Unconventional Core Training

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You keep using that word, I do not think it means what you think it means.

The Princess Bride is one of my all-time favorite movies. It’s a classic, and many fellow movie buffs and connoisseurs will recognize the quote from above.

It’s one of roughly 816 (give or take) memorable lines from the movie, and it’s uttered by Inigo Montoya. Throughout the movie, Sicilian boss Vizzini repeatedly describes the unfolding events as “inconceivable.”

In one scene of the movie, as Vizzini tries to cut a rope that the Dread Pirate Roberts is climbing up, he blurts out in an exasperated tone it was inconceivable that he did not fall.

At this point, Inigo responds with the now famous quote:


So what does this have to do with anything fitness related?

Well, replace the character Inigo with myself, replace the word inconceivable with the word “core,” and you’ll have the exact same scene playing before your eyes. Except, you know, I’d have less chest hair, be a tad more beefy, and in lieu of the swordplay…I’d be rockin some killer nunchuck skills.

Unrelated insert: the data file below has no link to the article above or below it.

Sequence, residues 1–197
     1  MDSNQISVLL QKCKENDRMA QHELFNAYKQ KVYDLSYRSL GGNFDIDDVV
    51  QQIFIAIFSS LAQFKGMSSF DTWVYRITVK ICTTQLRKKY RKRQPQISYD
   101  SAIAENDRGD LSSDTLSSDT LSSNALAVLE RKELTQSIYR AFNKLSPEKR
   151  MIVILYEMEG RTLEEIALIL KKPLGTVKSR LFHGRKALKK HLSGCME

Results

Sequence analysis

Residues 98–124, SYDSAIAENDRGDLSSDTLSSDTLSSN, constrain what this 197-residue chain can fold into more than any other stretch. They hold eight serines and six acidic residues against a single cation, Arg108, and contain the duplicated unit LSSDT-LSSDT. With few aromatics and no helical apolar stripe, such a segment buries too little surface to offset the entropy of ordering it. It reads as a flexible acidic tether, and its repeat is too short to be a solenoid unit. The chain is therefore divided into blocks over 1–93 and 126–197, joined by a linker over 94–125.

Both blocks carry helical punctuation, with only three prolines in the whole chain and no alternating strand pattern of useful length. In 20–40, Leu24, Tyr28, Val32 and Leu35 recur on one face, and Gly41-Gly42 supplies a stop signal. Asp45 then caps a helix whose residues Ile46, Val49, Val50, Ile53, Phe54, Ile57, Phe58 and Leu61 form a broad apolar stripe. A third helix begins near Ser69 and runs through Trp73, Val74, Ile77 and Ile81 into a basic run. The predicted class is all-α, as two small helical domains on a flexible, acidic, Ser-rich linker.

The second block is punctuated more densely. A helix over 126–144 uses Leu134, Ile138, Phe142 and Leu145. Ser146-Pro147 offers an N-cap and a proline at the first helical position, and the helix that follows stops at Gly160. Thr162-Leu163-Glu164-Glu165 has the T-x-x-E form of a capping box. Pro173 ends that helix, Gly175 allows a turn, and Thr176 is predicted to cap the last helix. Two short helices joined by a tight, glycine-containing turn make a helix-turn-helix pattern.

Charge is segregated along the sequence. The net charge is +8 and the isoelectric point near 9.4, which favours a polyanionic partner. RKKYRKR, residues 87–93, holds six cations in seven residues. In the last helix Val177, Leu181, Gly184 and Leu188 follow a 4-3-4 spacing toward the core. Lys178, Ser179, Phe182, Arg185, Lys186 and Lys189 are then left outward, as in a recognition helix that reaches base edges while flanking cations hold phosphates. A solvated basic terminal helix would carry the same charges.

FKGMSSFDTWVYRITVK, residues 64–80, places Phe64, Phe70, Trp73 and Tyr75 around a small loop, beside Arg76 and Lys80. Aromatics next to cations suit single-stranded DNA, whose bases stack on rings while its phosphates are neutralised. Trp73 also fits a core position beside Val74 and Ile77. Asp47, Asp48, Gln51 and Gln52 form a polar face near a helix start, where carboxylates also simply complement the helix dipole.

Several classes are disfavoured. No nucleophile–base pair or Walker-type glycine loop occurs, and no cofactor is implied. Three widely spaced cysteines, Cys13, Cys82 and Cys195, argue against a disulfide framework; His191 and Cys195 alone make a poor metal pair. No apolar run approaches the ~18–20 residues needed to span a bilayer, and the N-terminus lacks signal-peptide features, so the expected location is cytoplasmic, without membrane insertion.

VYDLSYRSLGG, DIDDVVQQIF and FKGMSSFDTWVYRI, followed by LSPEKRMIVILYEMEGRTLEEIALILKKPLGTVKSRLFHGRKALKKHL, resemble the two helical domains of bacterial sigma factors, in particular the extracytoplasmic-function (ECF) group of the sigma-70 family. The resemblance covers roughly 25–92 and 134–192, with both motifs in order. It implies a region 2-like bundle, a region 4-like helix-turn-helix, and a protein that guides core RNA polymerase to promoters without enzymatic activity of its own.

What Do You Mean “Core?”

Ask five different people what the core is and how you train it, and you’ll inevitably get five different answers.

Most abundant, though, would be any number of iterations referring to a Men’s Health Magazine cover:

Or maybe Dr. Spencer Nadolsky (that’s right: a doctor who lifts!) because he’s hunky as balls:

Trust me: there’s a six-pack underneath there.

Make no mistake: when most people think core, they think six-pack abs – or, rectus abdominis, if we wanted to be uppity anatomy nerds – that you can cut diamonds on. Too, they think about all the various exercises in the infinite training toolbox which can be used to carve our said six-pack abs.